The outcome of all this is that many students come to college without the intellectual or cultural or psychological capital that their predecessors brought.  They struggle–or don’t bother to–in the classes.  They require remedial course work and second chances.  The survival imperative driving many colleges leads to a dilution of course work and grading standards.  They need the tuition, so they need the students.

For many students, college is a rite of passage, not an education.  They get to live away from their parents for the first time.  They’re semi-adults on their way to being minor-league adults on their way to being full-scale adults on their way to being safely dead where nothing can go wrong now so they’re Winners!  (The movie “Trainspotting” may have been repellant, but it wasn’t wrong.) The country-club with classrooms environment reinforces this feeling.

Public attention has focused on the real-estate bubble and all the evidence of corporate misbehavior.  Much less noticed was the explosion in ill-considered consumer debt and use of home equity loans to finance consumption.  Basically, most people don’t save a ton of money to pay for their kids’ college education.  The attitudes reflected in the Pew survey are unrealistic on several grounds.  First, it would be one thing publically financing the higher education of some sort of elite.  In fact, most students in college are not part of some intellectual elite.  Second, the money just isn’t there.  The federal deficit is going to be cut through some combination of tax increases on most people and spending cuts for all.  How we would expand public aid to everyone seeking a college education in that environment is beyond me.  Certainly, Princeton could buy the moon if it was for sale. However, most colleges do not have large endowments to provide additional income.  Public colleges live off direct state aid and tuition.  Many private colleges are in the same leaky boat.  That means that the “someone” who will pay for college if parents and students don’t pay will be—parents and students in their capacity as taxpayers and tuition-payers.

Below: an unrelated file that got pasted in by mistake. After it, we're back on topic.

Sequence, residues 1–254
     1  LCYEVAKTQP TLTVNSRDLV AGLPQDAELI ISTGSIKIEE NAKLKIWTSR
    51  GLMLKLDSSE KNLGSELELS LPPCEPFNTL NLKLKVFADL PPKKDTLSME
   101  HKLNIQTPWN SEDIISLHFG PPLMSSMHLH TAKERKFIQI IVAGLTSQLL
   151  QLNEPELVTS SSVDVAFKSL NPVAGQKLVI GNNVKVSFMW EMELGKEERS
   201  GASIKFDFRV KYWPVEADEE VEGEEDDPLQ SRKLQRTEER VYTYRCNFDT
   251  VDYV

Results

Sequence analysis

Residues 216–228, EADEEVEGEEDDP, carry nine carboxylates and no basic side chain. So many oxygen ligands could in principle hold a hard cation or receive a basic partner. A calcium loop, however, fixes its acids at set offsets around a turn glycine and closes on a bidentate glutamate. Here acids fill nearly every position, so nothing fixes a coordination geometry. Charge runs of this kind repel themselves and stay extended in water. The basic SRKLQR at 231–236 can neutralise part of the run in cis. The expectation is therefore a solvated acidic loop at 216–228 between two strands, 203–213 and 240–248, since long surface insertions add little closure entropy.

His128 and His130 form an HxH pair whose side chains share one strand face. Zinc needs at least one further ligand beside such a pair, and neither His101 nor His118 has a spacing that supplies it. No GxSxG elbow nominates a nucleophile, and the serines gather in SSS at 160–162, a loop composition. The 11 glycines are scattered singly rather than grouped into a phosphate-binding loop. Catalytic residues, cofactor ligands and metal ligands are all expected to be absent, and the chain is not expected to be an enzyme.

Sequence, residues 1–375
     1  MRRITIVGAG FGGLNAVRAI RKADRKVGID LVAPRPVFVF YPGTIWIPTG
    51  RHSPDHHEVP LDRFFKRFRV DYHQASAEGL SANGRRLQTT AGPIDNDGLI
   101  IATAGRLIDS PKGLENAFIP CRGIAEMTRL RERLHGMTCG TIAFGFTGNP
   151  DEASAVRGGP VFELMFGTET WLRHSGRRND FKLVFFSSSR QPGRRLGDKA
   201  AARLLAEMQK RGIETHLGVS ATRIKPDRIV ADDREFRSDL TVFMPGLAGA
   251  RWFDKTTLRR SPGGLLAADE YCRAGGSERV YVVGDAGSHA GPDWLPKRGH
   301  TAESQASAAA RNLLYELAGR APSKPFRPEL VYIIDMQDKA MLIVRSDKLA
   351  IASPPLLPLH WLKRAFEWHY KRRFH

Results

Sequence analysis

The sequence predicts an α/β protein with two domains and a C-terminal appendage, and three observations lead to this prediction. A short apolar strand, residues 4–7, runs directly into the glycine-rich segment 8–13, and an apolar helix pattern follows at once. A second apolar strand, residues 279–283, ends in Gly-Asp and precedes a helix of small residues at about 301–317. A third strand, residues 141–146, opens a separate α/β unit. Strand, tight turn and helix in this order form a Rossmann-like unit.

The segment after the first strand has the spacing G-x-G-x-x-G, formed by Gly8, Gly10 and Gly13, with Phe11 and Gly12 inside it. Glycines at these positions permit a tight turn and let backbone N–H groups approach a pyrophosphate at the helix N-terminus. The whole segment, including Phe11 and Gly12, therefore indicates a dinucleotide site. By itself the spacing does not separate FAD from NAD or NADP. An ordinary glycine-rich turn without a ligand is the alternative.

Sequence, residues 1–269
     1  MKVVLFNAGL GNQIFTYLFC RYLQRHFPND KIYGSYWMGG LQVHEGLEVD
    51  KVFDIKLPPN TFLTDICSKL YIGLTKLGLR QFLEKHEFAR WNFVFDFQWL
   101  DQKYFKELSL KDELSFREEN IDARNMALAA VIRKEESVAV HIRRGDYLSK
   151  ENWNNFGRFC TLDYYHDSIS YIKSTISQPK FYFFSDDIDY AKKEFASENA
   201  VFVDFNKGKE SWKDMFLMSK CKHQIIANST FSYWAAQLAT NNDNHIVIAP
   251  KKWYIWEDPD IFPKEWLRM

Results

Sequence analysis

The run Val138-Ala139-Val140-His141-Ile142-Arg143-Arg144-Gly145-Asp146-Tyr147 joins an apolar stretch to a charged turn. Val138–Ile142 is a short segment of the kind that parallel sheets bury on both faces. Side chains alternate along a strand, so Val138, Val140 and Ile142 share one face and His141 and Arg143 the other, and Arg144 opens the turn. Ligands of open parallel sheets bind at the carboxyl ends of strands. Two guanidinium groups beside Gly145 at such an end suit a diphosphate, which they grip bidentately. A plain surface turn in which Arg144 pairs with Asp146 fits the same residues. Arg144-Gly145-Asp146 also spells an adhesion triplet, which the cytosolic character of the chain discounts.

Is there a solution to this problem? Sure. Shape up. Turn off the television. Get rid of the xBox. Take the kid to the library once a week. Ground the kid if the grade report isn’t good. Paint the house during your summer vacation or drive out to Gettysburg, but forget about going to Disney World or down the Shore. I hate having to quote Chris Christie, but “why are you mad at the first person who told you the truth?”